Dancing on Wheels
MOST show dancers strut out onto the stage from either the left or right curtain, or climb up a set of stout stairs to get out in front of the audience. Today, however, it’s going to be a ramp. The team prepare themselves and soon as they are called, breaks are released and the wheels of their chairs begin to turn. With a short run up they can all wheel out onto stage with some pizzazz to greet the waiting audience.
It’s a just a small change that can make a world of difference for physically disabled people who also happen to love dance and the performing arts – and this definitely a group who likes to dance. The groups are telling a story to the audience about their experiences. The story starts out with a wheel-chair bound person trying to enter dancing lessons – but he is ignored. He tries to self train, but at first fails. It appears that there will be no one who can help him just do the thing he loves. Then, a warm hand comes to touch him on the shoulder. Other people in wheelchairs appear onstage and begin their dances. Finally, there is freedom and joy.
Once the three minute dance is over, the performers hold placards declaring “We are ables”, which elicits a fantastic applause from the crowd gathered at the Hlaing Tharyar Public Park. The event was held to mark International Day of Persons with Disabilities on December 3. The performers that night are part of the only wheelchair dance ground in Myanmar, which was formed in 2014 as part of the ASEAN Disabled Art Festival, led here by the Myanmar Independent Living Initiative (MILI).
Their work as performers puts them deeply at odds with the normal adult outcomes for disabled Myanmar people, which can include menial, low paid work and a life spent dependent on family and charity. The performance ultimately serves as the expression of dignity and achievement.
Let’s burn rubber Dancing was never considered part of the life or culture of disabled people in the past, said Pyae Phyo Aung, troupe member, so being asked to work with a dance crew with wheelchairs was a surprise. As a keen performer, Pyae Phyo Aung was immediately excited at the opportunity. Hanli Khaing Hnin, from Kachin, was another member who possessed a burning desire to join the program. The important thing was being competitive with men and showing that she can turn and burn rubber with the best of them. With a professional Japanese trainer, things picked up steam after the creation of the crew and word started to get around.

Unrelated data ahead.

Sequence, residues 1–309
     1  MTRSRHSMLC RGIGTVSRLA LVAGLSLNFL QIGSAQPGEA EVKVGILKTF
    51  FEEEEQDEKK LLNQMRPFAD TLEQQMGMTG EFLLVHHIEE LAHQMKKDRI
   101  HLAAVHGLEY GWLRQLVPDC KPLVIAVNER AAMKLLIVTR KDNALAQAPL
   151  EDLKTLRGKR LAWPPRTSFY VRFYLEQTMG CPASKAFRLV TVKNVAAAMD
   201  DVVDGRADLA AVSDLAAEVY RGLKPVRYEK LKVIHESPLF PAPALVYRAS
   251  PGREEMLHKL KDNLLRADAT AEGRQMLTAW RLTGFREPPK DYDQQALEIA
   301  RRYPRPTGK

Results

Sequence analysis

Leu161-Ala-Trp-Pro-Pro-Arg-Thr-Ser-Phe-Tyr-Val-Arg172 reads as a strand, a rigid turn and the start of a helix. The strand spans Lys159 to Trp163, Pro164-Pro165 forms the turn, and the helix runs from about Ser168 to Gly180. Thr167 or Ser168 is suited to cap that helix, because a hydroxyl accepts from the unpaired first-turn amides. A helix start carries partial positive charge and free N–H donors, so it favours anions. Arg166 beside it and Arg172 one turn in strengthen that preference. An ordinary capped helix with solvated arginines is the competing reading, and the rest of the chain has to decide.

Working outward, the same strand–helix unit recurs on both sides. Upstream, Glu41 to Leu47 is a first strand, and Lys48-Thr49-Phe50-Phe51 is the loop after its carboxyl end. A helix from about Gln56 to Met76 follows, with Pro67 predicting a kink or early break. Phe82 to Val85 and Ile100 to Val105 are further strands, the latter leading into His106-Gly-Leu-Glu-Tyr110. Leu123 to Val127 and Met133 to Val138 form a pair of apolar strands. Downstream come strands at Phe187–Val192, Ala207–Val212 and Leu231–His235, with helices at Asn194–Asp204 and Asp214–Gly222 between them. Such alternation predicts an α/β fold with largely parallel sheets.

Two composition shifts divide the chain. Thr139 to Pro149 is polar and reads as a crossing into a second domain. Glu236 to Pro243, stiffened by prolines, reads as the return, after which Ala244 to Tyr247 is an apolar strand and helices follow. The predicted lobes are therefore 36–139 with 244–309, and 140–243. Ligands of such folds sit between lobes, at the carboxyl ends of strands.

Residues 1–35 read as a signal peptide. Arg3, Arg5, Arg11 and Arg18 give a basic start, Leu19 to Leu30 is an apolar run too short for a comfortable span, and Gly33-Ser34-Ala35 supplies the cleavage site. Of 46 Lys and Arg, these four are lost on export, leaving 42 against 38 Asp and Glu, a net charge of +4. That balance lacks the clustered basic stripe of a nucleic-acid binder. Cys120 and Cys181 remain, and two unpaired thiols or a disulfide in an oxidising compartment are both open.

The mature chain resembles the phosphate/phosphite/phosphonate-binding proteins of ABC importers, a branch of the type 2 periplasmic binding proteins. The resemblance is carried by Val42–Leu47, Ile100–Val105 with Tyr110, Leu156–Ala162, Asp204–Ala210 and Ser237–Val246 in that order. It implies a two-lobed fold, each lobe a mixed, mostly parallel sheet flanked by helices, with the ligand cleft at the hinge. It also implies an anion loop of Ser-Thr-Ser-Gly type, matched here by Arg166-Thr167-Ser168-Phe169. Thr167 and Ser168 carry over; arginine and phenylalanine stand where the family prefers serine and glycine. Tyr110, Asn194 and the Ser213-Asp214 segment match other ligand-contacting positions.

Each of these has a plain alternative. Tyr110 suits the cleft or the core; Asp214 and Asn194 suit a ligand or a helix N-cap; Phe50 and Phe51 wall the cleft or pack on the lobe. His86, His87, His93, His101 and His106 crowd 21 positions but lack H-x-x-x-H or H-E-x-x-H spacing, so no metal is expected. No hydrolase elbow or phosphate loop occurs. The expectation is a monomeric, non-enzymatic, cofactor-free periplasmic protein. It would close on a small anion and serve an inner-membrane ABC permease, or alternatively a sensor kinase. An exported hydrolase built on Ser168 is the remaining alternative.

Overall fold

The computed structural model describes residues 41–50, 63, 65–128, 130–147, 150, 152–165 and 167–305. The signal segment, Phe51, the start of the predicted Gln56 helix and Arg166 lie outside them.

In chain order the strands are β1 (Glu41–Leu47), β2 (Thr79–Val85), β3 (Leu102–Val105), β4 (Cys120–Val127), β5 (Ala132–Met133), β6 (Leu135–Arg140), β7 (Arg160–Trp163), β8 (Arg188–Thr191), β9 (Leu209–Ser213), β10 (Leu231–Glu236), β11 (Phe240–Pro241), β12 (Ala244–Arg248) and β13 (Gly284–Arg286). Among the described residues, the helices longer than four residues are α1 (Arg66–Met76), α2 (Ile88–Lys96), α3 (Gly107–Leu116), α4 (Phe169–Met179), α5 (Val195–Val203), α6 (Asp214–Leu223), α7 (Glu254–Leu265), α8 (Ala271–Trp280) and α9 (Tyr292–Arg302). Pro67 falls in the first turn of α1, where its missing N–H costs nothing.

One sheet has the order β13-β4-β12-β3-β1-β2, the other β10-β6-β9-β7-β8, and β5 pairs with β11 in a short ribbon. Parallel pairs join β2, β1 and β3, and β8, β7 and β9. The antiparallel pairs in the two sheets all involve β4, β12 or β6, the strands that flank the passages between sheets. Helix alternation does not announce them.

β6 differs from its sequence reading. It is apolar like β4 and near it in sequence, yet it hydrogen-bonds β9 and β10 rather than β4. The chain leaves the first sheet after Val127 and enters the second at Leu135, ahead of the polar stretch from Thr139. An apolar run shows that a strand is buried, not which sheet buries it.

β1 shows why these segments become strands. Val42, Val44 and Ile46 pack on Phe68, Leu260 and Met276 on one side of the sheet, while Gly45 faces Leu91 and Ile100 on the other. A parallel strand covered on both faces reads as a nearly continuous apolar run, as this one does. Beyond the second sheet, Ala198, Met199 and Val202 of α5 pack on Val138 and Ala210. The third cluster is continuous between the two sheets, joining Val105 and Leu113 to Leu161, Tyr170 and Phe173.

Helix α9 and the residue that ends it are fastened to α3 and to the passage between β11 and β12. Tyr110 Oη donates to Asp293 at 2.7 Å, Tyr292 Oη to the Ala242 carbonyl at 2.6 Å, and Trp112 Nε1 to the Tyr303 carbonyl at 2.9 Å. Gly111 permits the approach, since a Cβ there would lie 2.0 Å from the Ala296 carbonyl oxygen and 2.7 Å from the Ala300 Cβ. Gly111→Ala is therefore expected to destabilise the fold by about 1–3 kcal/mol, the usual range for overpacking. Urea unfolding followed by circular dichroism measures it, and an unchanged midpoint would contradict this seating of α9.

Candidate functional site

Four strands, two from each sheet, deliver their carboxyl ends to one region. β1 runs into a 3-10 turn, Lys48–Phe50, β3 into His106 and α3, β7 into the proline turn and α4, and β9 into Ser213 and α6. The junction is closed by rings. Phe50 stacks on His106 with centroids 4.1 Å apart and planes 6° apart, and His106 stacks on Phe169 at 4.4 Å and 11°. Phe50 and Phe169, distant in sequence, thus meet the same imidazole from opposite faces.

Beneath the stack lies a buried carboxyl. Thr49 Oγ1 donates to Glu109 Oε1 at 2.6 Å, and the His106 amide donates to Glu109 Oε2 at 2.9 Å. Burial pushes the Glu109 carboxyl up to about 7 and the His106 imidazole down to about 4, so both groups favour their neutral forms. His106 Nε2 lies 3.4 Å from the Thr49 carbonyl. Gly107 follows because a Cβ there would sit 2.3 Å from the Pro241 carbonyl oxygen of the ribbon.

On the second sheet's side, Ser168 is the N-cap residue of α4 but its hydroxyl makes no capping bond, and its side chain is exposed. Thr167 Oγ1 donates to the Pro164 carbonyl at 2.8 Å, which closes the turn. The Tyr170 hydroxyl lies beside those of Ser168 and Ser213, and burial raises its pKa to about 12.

Unfortunately, the international professional dance trainer was only there for a limited time, and finding people with the expertise to take on wheelchair dancing is tough, so the groups train under their own techniques with everything they have learned so far, and improvise their lessons. They say they are keen to find someone to fill the role of leader trainer again.
Of the original core group, only three of seven remain today, though overall the troupe has gained new members. There are three male performers and three women ranging in age from 27 to 36. Ultimately, it’s the people close to Yangon where the crew is centred who stay for the long haul and can come to join performances.
Professionals don’t do it on the cheap The number of stage invites the crew gets is actually very few, unless it’s for specific events such as the International Day of Persons with Disabilities where they’re front and centre. Funding is also an issue, having basically dried up since 2014. MILI was providing funding in those early years but now, the team is running on the funds they can garner from the event deals they can make. A single wheelchair build light and strong enough to perform in costs around K2,000,000, and then there are repairs.
“Since our movement relies on quality chairs and ease of movement, you’ve got to be careful when you’re performing. You fear harming yourself and your equipment,” said Aung Ko Ko, who mis-balanced and fell when trying to perform a handstand due to an uneven floor. He knows a thing or two about wheelchair use, being a former basketball player who competed at multiple ASEAN Para Games.
The plan for the team is to keep working on increasing their skills to attract ASEAN or intentional attention and get invited to events, and gain enough money for regular practice and to bring back a professional trainer.
“Yes, I’m disabled, but I want to dance just like everybody else. So, I just make an effort,” said troupe member Than Soe Aung.
Wheelchair dancer's performance on December 3 at Hlaing Thar Yar Public Park, Yangon.
Smiles and dance only.
Ready to perform.